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Since IE crams everything on one row—the address/search box, tabs, and controls—tabs can get mighty narrow.But there's some help for that: You can place IE's tabs on their own row—separate from the search box—if you find you're opening too many to fit, and arrows appear on either side of the tab bar if you open too many tabs to display in the allotted space.Controls are kept to a single row with the address and search boxes combined into one.This box can seem too small, but luckily you can drag its edge with the mouse to enlarge it.I, too, think users would be well advised to do this: They may discover that IE actually feels faster and looks cleaner than what they've been using.And its leading privacy protection tools, including the controversial default enabling of Do Not Track and a powerful Tracking Protection tool, will appeal to those who'd rather not have large ad companies creating a detailed profile of all their Web activity.I actually prefer Firefox and Opera's separate search boxes, since searching and address entry are, to me, two different operations.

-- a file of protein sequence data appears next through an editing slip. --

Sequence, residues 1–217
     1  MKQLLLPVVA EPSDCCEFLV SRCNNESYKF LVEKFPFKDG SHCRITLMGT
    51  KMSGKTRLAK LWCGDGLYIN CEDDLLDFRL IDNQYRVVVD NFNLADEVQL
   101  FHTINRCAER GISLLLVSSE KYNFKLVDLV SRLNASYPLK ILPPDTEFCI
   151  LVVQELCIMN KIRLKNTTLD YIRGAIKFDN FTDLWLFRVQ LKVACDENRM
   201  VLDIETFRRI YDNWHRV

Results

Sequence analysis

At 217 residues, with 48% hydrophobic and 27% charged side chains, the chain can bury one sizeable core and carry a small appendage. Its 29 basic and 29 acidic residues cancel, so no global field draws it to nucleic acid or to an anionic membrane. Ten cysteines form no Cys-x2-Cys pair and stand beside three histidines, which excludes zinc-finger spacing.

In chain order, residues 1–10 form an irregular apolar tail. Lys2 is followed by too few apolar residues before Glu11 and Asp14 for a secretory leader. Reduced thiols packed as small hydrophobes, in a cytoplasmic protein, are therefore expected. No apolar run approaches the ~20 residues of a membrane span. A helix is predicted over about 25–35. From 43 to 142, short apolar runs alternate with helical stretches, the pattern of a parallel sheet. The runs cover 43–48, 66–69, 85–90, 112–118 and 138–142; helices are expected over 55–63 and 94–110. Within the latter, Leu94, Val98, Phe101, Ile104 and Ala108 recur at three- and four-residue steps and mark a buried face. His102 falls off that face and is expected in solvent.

Internet Explorer has long been a whipping boy among browsers.IE6 was perhaps the most reviled browser in history, thanks to its non-standard quirks that Web developers had to navigate around to get their sites working correctly.People forget, though, that the point of this non-standard behavior was rooted in offering new power to websites, and earlier versions of IE actually first enabled Web 2.0 (with the first support for AJAX)—where sites become more interactive and app-like.It does, however run on Windows Server 2008 R2 with Service Pack 1 (SP1) 64-bit, so IT staff can take advantage of its advances. The update isn't as snappy as updating Firefox or Chrome, taking several minutes, and on some systems a reboot, since it's actually a Windows update.If you're still running a 10-year old OS, consider this: Would you still use a 10-year-old cell phone? And note that means that you can't try it out alongside IE9--you've got to commit.